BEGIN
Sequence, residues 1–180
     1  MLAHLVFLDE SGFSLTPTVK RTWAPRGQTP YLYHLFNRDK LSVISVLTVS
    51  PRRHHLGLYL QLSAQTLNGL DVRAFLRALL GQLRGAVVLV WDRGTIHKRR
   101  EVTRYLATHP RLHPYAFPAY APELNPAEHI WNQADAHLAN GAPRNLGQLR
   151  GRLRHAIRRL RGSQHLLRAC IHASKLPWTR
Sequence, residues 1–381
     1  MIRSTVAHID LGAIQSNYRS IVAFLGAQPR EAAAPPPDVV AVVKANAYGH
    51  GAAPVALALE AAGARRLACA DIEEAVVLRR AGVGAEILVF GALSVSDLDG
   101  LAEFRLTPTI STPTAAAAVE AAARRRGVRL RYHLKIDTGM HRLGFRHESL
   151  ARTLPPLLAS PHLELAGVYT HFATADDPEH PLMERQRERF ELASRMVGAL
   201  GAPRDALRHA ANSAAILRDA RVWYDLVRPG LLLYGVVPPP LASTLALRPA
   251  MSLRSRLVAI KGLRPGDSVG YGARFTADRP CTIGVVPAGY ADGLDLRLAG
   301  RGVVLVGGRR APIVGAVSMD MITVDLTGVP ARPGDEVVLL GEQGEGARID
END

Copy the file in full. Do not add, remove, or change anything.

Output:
Sequence, residues 1–180
     1  MLAHLVFLDE SGFSLTPTVK RTWAPRGQTP YLYHLFNRDK LSVISVLTVS
    51  PRRHHLGLYL QLSAQTLNGL DVRAFLRALL GQLRGAVVLV WDRGTIHKRR
   101  EVTRYLATHP RLHPYAFPAY APELNPAEHI WNQADAHLAN GAPRNLGQLR
   151  GRLRHAIRRL RGSQHLLRAC IHASKLPWTR
Sequence, residues 1–381
     1  MIRSTVAHID LGAIQSNYRS IVAFLGAQPR EAAAPPPDVV AVVKANAYGH
    51  GAAPVALALE AAGARRLACA DIEEAVVLRR AGVGAEILVF GALSVSDLDG
   101  LAEFRLTPTI STPTAAAAVE AAARRRGVRL RYHLKIDTGM HRLGFRHESL
   151  ARTLPPLLAS PHLELAGVYT HFATADDPEH PLMERQRERF ELASRMVGAL
   201  GAPRDALRHA ANSAAILRDA RVWYDLVRPG LLLYGVVPPP LASTLALRPA
   251  MSLRSRLVAI KGLRPGDSVG YGARFTADRP CTIGVVPAGY ADGLDLRLAG
   301  RGVVLVGGRR APIVGAVSMD MITVDLTGVP ARPGDEVVLL GEQGEGARID